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Anti-Protest Laws

Cassy O'Connor MP

Cassy O'Connor MP  -  Thursday, 14 November 2019

Tags: Anti-Protest Laws, Protest, Freedom of Speech

Anti-Protest Laws: Cassy O'Connor, 14 November, 2019



Your Government's first crack at shutting down the right to peaceful protest was struck down by the High Court a couple of years ago. Now you are back with another darkly draconian attempt to stifle dissent in Tasmania with legislation to be tabled today that will lock up forest or climate protesters or unionists. For example, 18 months for the first offence and four years for the second. This is another direct attack on our democratic foundations at a time of climate emergency when people are peacefully protesting to demand action. Scott Morrison would be proud of you. Why are you so intent on marching us down the road of a police state?



Madam Speaker, I thank the member for the question. It is an important piece of legislation, a reform, as part of our agenda to ensure that we do all we can to support Tasmanian workers who are rightly entitled to go to work and earn a living without that being compromised by political protesters. That is where we stand on this matter and have done so in successive elections.

Yes, we took forward some legislation. We took on board the reflections of the High Court. We noted that their judgment, in fact, supported the notion of what we were endeavouring to do to protect people's right to work which is one of the most important rights that we will always uphold. This is not a direct attack on anyone because people are still able to peacefully protest. This is direct support for Tasmanian workers in all sectors who, sadly, are often the target of political attack by the Greens and their colleagues.

It is not just about forest workers, it goes through to farmers, those who work in fish farming, those who work in industry sectors that are now more confident than ever before and are now employing more people than ever before. We are seeing the strength in our economy now across almost all industry sectors bar one and that is the first time that has happened for many, many years.

This legislation that we introduce today will protect people who are simply seeking to go to work, do their jobs, get paid, support the business that they work in and be part of Tasmania's strong economy. That does not prevent anyone political protesters from doing their thing as well.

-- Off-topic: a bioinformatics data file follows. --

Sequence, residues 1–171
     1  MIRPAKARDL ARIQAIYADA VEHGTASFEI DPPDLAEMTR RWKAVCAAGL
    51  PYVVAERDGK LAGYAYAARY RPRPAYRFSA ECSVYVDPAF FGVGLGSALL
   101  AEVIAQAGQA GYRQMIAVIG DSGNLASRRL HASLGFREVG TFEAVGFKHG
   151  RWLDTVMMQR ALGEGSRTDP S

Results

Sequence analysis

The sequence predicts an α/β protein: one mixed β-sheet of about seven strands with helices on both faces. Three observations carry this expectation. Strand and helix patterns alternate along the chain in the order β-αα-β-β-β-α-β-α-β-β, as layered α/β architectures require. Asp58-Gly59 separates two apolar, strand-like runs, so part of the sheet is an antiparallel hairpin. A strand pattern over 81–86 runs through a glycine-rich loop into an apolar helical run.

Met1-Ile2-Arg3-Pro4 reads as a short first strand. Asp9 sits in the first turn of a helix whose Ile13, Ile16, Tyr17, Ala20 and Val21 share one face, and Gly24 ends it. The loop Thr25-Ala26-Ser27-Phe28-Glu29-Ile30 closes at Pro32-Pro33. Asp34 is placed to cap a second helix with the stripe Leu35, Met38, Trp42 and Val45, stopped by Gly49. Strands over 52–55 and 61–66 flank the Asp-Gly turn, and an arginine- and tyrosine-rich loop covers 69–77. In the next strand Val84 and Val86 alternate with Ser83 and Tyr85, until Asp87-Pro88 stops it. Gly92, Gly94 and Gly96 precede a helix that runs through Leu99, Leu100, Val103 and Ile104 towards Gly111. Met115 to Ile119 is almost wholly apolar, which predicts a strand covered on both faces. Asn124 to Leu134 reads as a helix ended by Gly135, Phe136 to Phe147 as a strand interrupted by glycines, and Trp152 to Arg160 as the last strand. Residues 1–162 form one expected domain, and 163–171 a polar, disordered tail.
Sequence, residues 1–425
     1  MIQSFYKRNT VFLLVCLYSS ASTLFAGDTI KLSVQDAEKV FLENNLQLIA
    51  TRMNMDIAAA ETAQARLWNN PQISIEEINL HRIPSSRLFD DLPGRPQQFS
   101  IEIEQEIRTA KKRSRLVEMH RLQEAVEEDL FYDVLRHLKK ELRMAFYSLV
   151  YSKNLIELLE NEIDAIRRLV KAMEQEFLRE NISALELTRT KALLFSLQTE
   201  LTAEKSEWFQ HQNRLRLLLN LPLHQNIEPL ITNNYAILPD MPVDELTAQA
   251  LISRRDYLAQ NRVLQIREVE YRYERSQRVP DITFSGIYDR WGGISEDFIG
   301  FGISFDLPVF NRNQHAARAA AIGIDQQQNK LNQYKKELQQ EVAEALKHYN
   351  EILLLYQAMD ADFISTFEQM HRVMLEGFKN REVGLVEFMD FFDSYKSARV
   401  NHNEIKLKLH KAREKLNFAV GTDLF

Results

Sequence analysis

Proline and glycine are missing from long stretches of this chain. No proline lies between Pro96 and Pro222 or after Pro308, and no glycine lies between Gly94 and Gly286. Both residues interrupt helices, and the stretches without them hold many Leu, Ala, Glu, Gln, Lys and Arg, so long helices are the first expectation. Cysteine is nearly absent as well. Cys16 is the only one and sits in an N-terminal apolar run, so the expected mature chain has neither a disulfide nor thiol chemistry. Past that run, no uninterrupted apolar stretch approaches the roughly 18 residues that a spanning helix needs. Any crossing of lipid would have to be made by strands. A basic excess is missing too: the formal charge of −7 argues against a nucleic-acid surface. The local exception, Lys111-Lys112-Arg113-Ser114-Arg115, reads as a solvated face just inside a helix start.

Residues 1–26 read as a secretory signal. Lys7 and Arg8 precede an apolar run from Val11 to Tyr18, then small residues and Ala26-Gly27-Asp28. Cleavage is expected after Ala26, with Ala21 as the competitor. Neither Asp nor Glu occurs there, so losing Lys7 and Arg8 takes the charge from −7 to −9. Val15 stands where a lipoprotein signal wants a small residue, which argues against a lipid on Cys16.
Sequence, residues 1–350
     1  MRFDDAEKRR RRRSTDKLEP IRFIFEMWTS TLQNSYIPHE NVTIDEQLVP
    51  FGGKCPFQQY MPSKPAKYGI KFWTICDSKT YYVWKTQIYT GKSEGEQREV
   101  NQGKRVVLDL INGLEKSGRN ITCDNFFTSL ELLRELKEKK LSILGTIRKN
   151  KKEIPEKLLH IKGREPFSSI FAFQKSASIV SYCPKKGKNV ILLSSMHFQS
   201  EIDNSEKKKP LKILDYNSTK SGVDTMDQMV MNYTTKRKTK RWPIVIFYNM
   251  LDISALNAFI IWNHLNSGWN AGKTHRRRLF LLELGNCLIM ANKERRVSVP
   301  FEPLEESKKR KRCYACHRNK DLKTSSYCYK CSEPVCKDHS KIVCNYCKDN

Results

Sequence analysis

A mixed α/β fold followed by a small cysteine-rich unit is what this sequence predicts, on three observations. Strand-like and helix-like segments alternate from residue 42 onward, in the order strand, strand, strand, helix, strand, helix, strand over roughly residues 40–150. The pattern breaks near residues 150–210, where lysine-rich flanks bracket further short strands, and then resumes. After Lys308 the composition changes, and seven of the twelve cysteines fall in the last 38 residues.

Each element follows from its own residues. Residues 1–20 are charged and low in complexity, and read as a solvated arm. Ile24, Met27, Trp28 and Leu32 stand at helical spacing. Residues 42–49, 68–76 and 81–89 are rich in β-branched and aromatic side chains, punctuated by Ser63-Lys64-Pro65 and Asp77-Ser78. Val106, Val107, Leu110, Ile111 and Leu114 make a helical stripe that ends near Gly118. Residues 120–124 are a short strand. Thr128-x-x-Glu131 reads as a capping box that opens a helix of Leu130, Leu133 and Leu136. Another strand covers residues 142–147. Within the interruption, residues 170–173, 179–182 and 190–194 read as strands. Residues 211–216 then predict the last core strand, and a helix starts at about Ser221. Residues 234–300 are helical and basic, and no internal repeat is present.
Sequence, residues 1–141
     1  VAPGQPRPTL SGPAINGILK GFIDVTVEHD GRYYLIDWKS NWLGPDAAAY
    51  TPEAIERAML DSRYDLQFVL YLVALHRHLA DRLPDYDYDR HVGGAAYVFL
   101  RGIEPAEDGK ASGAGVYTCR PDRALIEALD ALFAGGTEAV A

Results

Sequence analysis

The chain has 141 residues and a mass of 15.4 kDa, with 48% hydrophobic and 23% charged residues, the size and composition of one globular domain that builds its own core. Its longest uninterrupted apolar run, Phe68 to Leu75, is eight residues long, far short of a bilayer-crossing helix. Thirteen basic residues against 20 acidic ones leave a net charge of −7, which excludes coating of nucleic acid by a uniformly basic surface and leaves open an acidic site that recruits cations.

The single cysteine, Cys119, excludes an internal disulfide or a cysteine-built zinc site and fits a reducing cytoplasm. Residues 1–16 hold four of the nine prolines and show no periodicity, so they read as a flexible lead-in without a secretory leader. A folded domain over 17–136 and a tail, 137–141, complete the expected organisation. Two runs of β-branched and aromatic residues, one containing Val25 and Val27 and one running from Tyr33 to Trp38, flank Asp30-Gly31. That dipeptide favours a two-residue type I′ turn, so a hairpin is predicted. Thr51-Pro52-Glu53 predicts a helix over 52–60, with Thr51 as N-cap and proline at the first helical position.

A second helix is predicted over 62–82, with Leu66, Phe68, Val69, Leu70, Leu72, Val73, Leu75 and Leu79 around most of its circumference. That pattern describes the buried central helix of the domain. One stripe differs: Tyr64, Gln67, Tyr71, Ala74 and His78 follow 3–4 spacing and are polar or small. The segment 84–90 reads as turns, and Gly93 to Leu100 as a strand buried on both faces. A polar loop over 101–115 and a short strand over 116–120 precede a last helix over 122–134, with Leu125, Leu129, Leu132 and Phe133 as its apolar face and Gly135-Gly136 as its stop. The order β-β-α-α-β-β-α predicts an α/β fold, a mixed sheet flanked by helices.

Why should they be allowed to go in and disrupt these workplaces?

Members interjecting.

Madam SPEAKER - Order, I remind the Greens that this a place for professional debating not a slanging place where you just mouth off. I am asking you to be respectful of the Premier and let him finish.

Mr HODGMAN - I do not know why political protesters, environmentalists, are entitled to go in to prevent people from earning a living.

Ms O'CONNOR - Point of order, Madam Speaker. The interjection just then was on behalf of the knitting nannas, for example, who could be captured by this law. That is why we interjected and we think that is a professional point.

Madam SPEAKER - That is not a point of order. This is reducing it from professional debate. It is just slanging. We can all rise above that, please.

Mr HODGMAN - Thank you, Madam Speaker. I know that the Greens will try to stir up concerns within the community about these laws which will be debated in this place and thoroughly scrutinised. It is an important provision, in our view, for our laws to also support people's right to go to work, earn a living, be part of a business that -

Dr Woodruff - For the 20 000 children and young people who went on strike and went on the streets peacefully protesting.

Madam SPEAKER - Dr Woodruff, warning one.

Mr HODGMAN - is part of a growing economy. That is where we stand.

I have to wonder where the Labor Party stands on this. So often they claim to be the party of the workers. Are they going to stand with us and support the workers who we want to protect through these laws to allow them to go about their jobs? Are you going to stand with us on this or are you going to join the Greens again? That is the question most people will be asking. You know where we stand.

Ms O'Byrne - Is that what the whole bill is about?

Mr HODGMAN - No, it is not. It is not about that at all but it is an important question to ask. It is a fact that we know you do not have a position on many things. In fact the member who interjected blamed us for them not having a position on pill testing. She said that this is not a matter that the Labor Party should have a position on, it is a matter for the Government. They will blame us for everything, including not having a position on that very issue of pill testing. I wonder whether we will see the same thing happen again.

This is a chance to see if the Leader of the Opposition is as clear as she says she is. She calls others in this place wishy-washy. The Leader of the Opposition has a fast-growing reputation for standing for very little, if anything. It will be important to understand whether the Labor Party will stand with us and support Tasmanian workers, which is what this legislation is about. We are not about the political games that you play. We are about supporting Tasmania's strong economy, supporting our workers, whether it be our state servants, whether it be people who work in forestry, on farms, in mines, in aquaculture - that is what this bill is about. Are you going to support it or not?